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Indian nun unites domestic workers

Legislation against sexual harassment in the workplace demanded

Indian nun unites domestic workers
Domestic workers during a protest reporter, Indore

January 11, 2011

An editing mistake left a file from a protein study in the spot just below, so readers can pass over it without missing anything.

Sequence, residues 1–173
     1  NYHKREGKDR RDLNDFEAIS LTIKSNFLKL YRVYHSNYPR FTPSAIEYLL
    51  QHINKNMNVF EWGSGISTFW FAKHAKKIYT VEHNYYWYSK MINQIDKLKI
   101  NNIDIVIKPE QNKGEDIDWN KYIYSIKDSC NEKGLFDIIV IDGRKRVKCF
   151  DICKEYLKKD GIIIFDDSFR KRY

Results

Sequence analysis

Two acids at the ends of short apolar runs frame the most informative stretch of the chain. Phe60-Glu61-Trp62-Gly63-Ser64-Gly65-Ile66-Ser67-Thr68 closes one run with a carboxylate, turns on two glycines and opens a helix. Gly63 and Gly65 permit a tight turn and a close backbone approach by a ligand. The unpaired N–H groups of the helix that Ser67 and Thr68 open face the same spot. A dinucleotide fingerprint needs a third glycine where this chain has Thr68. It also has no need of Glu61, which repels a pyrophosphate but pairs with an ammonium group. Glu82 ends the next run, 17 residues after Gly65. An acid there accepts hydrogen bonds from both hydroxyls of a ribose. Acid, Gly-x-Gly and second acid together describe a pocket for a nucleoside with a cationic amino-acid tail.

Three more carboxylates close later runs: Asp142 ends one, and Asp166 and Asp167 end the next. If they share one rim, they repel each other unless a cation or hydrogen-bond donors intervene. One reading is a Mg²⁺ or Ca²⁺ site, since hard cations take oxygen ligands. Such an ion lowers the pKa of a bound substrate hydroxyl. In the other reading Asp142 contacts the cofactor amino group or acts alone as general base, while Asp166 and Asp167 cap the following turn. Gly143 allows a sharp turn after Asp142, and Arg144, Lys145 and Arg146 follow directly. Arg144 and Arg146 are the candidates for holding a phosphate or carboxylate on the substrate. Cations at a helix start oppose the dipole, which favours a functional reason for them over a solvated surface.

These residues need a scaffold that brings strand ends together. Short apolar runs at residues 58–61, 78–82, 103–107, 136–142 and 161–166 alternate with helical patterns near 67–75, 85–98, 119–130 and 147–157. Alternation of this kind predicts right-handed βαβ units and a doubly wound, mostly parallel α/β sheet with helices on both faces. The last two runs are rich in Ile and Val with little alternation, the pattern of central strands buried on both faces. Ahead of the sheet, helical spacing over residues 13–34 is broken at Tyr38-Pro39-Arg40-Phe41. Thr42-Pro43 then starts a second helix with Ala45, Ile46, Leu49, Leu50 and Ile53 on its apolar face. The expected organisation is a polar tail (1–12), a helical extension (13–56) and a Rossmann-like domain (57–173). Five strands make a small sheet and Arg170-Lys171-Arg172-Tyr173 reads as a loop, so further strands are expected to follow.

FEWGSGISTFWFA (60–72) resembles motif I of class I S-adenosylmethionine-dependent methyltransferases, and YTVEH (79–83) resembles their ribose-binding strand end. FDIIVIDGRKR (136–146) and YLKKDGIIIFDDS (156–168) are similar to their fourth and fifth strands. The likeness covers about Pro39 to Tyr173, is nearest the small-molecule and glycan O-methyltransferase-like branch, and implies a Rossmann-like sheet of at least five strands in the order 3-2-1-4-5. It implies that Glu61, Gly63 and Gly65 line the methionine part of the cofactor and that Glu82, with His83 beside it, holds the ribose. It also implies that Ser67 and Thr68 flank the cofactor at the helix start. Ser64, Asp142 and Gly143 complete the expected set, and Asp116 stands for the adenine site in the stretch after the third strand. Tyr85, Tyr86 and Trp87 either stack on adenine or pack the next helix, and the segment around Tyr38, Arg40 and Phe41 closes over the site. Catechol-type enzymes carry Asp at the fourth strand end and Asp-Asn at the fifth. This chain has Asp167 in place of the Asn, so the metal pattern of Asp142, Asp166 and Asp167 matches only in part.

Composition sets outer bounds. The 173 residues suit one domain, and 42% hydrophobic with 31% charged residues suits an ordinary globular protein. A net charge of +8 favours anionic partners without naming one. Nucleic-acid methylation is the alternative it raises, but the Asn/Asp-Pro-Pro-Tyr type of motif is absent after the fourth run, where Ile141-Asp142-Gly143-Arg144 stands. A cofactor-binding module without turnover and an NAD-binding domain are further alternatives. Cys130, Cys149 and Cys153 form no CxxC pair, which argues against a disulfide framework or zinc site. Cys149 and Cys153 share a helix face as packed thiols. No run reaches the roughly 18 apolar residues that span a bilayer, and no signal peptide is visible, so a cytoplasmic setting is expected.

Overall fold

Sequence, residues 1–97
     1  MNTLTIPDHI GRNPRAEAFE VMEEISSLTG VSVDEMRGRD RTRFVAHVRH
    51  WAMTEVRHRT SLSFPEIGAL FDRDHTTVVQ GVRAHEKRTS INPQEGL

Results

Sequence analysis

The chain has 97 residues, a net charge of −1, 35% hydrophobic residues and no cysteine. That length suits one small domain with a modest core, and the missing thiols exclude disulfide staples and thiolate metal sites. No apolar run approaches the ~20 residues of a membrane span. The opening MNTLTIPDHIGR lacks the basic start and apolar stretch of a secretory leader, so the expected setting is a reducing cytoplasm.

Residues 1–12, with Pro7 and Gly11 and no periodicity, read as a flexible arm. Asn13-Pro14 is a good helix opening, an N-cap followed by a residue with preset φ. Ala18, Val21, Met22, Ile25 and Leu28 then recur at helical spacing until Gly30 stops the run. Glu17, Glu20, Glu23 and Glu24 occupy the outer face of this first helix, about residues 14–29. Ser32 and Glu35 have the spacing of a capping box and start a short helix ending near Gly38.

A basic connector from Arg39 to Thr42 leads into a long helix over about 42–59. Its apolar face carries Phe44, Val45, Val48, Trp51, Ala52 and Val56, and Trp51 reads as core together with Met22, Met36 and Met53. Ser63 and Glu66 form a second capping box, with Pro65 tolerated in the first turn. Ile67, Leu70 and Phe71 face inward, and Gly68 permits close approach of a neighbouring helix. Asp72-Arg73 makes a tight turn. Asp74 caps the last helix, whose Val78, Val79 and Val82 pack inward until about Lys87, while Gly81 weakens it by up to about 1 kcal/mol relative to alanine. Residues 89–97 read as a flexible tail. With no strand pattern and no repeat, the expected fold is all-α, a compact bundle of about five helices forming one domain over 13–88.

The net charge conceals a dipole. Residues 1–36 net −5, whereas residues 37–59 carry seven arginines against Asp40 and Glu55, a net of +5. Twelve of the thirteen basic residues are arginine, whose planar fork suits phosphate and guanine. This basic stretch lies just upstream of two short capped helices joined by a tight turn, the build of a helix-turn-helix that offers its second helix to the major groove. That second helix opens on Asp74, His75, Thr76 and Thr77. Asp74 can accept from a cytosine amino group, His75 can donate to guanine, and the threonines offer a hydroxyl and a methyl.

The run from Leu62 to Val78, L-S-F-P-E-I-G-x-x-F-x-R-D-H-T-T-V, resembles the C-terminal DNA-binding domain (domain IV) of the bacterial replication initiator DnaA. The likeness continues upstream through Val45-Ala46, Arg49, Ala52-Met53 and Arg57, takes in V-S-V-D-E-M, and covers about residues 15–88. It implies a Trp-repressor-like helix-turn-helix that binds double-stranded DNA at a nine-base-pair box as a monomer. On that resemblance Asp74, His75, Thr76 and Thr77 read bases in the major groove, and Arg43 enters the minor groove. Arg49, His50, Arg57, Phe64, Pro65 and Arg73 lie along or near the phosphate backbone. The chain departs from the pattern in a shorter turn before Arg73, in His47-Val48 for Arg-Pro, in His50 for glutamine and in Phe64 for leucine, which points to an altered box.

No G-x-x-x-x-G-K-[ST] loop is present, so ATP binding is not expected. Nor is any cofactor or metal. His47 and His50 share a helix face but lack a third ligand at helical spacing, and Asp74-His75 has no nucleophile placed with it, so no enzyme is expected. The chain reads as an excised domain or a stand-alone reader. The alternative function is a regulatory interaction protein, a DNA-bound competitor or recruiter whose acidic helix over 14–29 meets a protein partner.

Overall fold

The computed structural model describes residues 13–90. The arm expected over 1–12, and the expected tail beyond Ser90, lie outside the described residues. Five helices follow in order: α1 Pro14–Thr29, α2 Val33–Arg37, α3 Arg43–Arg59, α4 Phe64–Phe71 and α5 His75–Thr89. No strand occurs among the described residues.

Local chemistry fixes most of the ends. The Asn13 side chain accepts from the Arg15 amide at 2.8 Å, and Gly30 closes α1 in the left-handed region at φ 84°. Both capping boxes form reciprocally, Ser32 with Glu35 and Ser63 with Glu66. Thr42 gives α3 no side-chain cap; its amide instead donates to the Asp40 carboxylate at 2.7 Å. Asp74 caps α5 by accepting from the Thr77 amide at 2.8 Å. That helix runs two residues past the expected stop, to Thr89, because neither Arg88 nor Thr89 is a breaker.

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Church people in a central Indian town have supported the domestic workers’ demand for rights and recognition. Around 1,000 domestic workers, who gathered in Indore on Jan. 9 to observe the International Domestic Workers Day, pledged to intensify their movement for decent work and legal protection. Holy Spirit Sister Rosily Panjikaren, who organized the program, said they have launched a signature campaign to demand that the federal government include domestic workers in the bill seeking protection against sexual harassment at workplace. The proposed bill envisages that every workplace have a forum to take up complaints of sexual harassment. The campaign aims to collect 25,000 signatures from Indore, said the nun, who directs the Indore Domestic Workers’ Solidarity, affiliated to the National Domestic Workers’ Movement. She said they would submit the signatures to the federal government when the national movement meets in New Delhi in March-April. Father Nicholas Martis, who heads the Divine Word congregation’s Central India province, described the domestic workers as the “most exploited lot,” who face harassment and molestation. Sister Sini, another Holy Spirit nun, says domestic workers require a forum to voice their grievances. Vishal Nadkarni, a woman and child development officer, said domestic workers have limited bargaining power because they are an isolated workforce. Gongabai Gunjal, a domestic worker, thanked Sister Panjikaren for uniting domestic workers in Indore to fight for their rights. The Indore Domestic Workers’ Solidarity, established in 2006 by the Missionary Sisters Servants of the Holy Spirit, has more than 2,000 members in the city. Related reports Domestic Workers Demand Recognition, Just Wages Bishops Take Steps To Empower Women In Church IC12791.1636
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